Glorious Groundcovers: Gardening from the ground up!

by Genevieve Schmidt

With wide expanses of boring lawn falling out of favor with savvy gardeners, groundcovering shrubs have been increasing in popularity. Which would you rather have, a plain green lawn that needs frequent watering, fertilizing and mowing, or a vivid tapestry of flowers and foliage which is as easy to care for as it is beautiful? Not only do groundcovers look attractive, but because they have a woody structure, they are better able to conserve moisture than a water-hogging lawn.

When choosing the right groundcover, height is a primary consideration. In small gardens or next to walkways or patios, a lower groundcover reaching only a foot tall will be ideal because it won’t visually overwhelm the space. In larger garden beds, a mixed groundcover planting with lower plants in the foreground and 2- to 3-foot-tall groundcovers towards the center or back will allow the different textures and colors to shine.

To create the effect of an interwoven tapestry, it’s best to choose only a few varieties of groundcover and to plant them in masses. A large grouping of plants all coming into bloom at the same time will have a more powerful impact than dotting one here and one there. Plants with colorful or variegated foliage also make for an ideal groundcover, because they extend the beauty far beyond the blooming season. Here are three top picks for evergreen plants that will cover the ground and look good doing it.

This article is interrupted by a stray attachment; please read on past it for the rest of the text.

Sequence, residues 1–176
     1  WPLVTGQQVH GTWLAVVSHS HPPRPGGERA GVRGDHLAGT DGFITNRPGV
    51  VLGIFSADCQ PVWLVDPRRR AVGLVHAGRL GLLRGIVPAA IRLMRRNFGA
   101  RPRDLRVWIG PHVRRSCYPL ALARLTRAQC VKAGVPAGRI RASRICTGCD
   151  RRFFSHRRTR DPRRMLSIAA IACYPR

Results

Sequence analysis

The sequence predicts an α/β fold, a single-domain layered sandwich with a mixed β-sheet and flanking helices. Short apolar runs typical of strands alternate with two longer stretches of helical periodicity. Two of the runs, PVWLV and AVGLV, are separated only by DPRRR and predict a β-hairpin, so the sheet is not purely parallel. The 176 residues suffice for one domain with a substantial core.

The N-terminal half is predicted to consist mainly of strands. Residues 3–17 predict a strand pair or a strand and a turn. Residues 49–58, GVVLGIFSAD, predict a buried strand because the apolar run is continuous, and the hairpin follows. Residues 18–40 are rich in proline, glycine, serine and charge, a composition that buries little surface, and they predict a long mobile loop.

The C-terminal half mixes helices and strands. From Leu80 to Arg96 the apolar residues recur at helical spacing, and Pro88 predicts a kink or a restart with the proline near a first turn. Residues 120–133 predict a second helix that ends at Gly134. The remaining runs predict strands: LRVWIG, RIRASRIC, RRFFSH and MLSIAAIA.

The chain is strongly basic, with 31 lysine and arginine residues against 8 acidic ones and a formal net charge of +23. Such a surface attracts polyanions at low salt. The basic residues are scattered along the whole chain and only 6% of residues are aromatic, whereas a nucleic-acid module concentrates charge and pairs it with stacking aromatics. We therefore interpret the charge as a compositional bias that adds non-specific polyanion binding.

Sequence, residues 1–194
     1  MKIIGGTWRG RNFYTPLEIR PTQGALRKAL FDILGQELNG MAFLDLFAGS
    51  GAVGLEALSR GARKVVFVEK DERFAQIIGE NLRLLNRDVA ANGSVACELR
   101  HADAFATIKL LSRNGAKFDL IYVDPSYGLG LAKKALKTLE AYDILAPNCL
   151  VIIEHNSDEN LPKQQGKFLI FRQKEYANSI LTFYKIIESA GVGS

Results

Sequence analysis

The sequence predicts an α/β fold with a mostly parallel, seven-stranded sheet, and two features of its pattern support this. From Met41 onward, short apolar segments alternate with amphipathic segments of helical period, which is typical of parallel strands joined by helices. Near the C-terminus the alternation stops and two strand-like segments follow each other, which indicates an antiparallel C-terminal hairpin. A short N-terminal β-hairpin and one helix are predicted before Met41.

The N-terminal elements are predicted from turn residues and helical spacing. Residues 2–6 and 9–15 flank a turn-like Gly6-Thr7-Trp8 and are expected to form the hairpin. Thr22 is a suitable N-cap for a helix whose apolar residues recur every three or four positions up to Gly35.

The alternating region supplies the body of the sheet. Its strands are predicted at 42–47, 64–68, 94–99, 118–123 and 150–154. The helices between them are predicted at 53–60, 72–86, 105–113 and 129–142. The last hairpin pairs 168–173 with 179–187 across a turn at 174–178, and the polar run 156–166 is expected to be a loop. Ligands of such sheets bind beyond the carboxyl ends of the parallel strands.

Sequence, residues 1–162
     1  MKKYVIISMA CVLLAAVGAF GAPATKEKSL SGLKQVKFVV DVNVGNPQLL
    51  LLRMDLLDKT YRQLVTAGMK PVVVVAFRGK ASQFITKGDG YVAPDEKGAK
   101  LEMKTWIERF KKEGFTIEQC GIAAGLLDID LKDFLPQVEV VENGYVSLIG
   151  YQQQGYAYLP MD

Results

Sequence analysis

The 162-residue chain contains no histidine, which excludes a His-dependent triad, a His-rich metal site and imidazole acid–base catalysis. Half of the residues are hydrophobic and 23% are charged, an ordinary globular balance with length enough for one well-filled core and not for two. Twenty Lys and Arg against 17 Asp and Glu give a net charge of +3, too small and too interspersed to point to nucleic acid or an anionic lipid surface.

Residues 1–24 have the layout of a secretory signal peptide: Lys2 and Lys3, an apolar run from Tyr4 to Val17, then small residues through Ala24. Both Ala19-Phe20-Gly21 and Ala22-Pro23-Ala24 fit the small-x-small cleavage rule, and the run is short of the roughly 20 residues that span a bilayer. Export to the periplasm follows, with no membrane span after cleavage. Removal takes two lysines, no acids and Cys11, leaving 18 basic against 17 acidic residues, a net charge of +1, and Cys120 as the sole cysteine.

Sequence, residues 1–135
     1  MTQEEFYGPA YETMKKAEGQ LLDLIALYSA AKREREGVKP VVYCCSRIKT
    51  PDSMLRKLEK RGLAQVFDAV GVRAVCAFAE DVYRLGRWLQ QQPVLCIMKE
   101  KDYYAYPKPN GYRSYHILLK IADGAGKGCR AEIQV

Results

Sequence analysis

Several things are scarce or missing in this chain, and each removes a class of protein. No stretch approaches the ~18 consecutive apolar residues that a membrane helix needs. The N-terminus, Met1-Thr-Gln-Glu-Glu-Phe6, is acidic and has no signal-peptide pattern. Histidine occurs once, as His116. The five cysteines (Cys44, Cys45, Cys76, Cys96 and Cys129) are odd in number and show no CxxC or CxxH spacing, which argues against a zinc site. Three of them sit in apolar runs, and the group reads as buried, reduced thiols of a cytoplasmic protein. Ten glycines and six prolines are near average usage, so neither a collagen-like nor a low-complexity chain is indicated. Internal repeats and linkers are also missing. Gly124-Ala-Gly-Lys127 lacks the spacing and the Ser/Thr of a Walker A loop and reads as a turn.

little miss sunshine cistus close

‘Little Miss Sunshine’ Cistus
Gardeners with harsh coastal winds, deer or drought are likely familiar with the ordinary varieties of Cistus, a workhorse plant that will tolerate nearly any type of garden abuse. This new variety combines the sturdiness of the species with a vivid golden leaf edge to give this rock rose a bright appearance. While many Cistus tend to outgrow their space, this variety stays compact, reaching only 1 foot tall by 1 ½ feet wide. Planted en masse, the pure white flowers in spring cover the plant and attract honeybees. ‘Little Miss Sunshine’ Cistus grows in Sunset zones 4-9, 14-24, 26, 28 and 31, and is hardy to 20-25 degrees F.

purple pixie loropetalum container close

Purple Pixie® Loropetalum
Bronzed purple foliage and a weeping habit make this low-growing fringe flower an absolute star at the edge of a border, cascading over a retaining wall, or grouped to cover the ground and hold down weeds. Impressive in both leaf and bloom, it grows 1 foot tall by 4 to 5 feet wide, and has ribbon-like flowers in a vibrant shade of magenta come spring. The soft texture and weeping character make Purple Pixie® Loropetalum an ideal plant to pair with conifers, as it contrasts nicely with the deep green color and upright nature of dwarf cypress, yews and more. It grows in Sunset zones 6-9 and 14-24, and is hardy to 0 degrees F.

mojo pittosporum close

Mojo® Pittosporum
When creating a landscape that engages the senses, finding plants with fragrance adds immeasurably. However, many fragrant plants require a lot of fussing and care. Not so with Mojo® Pittosporum. This tough, evergreen shrub has tiny flower clusters in spring, which send the alluring scent of orange blossoms drifting around the garden. Reaching 3 feet tall by 3 feet wide, it’s a taller groundcovering shrub perfect for foundation plantings, or grouped with lower groundcovers for an attractive variation in form. Hardy to 0 degrees F, the cheerful splash of golden color on each leaf gives it year-round interest.

Genevieve Schmidt is a landscaper and garden writer in Arcata, Calif. She writes for numerous publications including Garden Design magazine, as well as her own blog

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